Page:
|Beckman, Thomas - Tom|
Submitted to: HortScience
Publication Type: Peer Reviewed Journal
Publication Acceptance Date: 3/3/2000
Publication Date: N/A
Interpretive Summary: Root-knot nematodes can cause significant economic damage to the peach industry in the southeastern United States if not controlled. Managing some species of this nematode pest has been accomplished through the development of resistant peach rootstocks. However, differing explanations in trying to elucidate the nature of nematode resistance on a genetic level have occurred. Understanding the genetic inheritance is needed to properly evaluate root-knot resistance in rootstocks. Two F1 peach hybrids developed from a cross of Lovell (nematode susceptible) and Nemared (nematode resistant) were selfed to produce F2 seedlings and were evaluated for host susceptibility to 2 root-knot nematode species. Results indicate that resistance to the southern root-knot nematode in Nemared is controlled by two dominant genes and that to the Javanese root-knot nematode by a single shared dominant gene. These data were necessary to provide breeders with a better understanding in evaluating root-knot nematode resistance in current rootstocks and also provide a basis to more efficiently evaluate rootstocks in the future.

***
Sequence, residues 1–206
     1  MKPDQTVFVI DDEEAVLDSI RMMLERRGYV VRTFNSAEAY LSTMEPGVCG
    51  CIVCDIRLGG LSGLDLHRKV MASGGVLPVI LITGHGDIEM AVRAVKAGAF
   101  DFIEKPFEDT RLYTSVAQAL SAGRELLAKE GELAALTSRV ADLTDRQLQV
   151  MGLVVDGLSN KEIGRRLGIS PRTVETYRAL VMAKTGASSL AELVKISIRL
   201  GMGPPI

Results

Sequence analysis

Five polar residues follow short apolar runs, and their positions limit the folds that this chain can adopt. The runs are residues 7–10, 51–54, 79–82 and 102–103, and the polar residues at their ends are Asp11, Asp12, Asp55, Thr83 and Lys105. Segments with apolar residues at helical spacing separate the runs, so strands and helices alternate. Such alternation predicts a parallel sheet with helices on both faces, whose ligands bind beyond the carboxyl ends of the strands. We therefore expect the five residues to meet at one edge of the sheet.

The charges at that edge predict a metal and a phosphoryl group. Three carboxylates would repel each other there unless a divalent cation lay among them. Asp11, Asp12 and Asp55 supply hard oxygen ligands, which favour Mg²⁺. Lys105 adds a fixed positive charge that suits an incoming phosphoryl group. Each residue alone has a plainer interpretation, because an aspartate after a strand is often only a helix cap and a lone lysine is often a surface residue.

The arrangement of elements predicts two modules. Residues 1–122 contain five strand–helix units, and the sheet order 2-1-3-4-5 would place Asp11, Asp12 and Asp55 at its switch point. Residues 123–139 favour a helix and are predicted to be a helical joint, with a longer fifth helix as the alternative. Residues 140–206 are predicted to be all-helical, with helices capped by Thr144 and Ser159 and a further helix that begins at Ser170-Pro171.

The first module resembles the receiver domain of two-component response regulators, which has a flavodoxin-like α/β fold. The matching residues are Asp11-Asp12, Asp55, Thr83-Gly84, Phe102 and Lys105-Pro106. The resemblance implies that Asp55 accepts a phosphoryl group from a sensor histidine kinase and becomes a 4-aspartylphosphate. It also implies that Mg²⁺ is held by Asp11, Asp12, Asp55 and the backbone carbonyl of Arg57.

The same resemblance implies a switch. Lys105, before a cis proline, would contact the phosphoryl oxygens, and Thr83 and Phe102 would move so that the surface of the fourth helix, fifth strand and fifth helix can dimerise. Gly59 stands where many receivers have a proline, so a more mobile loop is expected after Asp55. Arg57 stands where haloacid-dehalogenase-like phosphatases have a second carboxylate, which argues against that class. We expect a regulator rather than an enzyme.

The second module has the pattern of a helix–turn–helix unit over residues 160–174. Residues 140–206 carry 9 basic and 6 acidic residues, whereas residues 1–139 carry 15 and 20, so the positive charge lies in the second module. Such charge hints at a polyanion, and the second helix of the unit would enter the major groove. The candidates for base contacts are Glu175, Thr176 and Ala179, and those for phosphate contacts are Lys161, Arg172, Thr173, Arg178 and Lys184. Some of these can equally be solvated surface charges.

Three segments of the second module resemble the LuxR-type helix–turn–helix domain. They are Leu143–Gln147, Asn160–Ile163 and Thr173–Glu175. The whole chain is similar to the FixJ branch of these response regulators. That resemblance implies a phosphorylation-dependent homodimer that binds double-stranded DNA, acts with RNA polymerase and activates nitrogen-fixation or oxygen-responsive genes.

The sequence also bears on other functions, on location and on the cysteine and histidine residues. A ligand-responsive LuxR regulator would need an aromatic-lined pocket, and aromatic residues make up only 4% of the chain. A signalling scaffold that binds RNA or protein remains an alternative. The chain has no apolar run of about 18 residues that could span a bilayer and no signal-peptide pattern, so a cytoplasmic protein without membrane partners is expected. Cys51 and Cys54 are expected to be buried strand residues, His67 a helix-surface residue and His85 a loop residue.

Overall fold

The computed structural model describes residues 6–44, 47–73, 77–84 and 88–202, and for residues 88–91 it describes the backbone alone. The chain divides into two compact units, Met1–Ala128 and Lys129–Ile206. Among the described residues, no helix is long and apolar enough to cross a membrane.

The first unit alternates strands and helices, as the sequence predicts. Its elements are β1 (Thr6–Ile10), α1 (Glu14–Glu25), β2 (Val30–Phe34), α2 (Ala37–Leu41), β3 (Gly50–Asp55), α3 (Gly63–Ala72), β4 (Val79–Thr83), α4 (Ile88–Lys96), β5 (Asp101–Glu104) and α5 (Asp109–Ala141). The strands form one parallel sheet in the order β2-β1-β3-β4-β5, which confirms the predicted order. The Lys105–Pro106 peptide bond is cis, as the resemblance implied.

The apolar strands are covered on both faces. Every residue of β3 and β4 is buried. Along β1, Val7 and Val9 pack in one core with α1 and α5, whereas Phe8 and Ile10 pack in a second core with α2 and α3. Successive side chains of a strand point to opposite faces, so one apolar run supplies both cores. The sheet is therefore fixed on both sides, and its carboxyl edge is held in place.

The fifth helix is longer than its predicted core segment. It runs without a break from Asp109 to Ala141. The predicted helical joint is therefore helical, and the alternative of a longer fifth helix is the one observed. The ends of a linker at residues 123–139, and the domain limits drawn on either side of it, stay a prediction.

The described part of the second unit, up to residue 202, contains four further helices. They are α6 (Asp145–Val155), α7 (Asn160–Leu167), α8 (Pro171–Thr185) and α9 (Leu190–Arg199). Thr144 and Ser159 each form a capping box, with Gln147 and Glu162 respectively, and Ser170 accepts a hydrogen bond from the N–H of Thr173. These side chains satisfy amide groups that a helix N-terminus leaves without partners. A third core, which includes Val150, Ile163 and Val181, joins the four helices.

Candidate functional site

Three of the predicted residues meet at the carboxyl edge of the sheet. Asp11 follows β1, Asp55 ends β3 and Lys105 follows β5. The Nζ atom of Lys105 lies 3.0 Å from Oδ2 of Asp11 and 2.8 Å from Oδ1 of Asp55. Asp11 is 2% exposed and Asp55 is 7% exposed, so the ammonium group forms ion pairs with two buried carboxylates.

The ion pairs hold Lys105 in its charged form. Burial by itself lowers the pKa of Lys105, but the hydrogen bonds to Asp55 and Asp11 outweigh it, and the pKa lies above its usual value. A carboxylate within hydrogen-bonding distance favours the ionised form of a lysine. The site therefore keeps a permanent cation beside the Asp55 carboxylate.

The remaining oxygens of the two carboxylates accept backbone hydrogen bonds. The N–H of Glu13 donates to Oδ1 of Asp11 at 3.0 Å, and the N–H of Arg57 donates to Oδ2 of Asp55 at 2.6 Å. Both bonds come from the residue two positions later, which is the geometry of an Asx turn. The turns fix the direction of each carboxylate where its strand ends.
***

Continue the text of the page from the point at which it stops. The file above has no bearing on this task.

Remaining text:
Technical Abstract: Two F1 hybrid Prunus rootstocks, K62-68 and P101-41, developed from a cross of Lovell (susceptible to both Meloidogyne incognita and M. javanica) and Nemared (resistant to both root-knot nematode species), were selfed to produce two F2 seedling populations. Vegetative propagation by herbaceous stem cuttings was used to produce 4 to 8 self rooted plants of each F2 seedling for treatment replications. Eggs of M. incognita and M. javanica were inoculated into the potted media where plants were transplanted, and plants were harvested and roots examined for signs and symptoms associated with root-knot nematode infection approximately 120 days later. Segregation ratios in both F2 families suggested that resistance to M. incognita in Nemared is controlled by two dominant genes (Mi and Mij) and that to M. javanica by a single dominant gene (Mij). Thus, Mij conveys resistance to both M. javanica and M. incognita.